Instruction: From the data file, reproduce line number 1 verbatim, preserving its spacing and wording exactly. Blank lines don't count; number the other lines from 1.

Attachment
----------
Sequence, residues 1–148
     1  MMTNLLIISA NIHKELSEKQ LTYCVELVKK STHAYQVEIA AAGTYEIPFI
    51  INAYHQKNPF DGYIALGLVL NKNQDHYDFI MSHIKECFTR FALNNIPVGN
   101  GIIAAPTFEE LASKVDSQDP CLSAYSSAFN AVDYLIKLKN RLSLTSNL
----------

Sequence, residues 1–148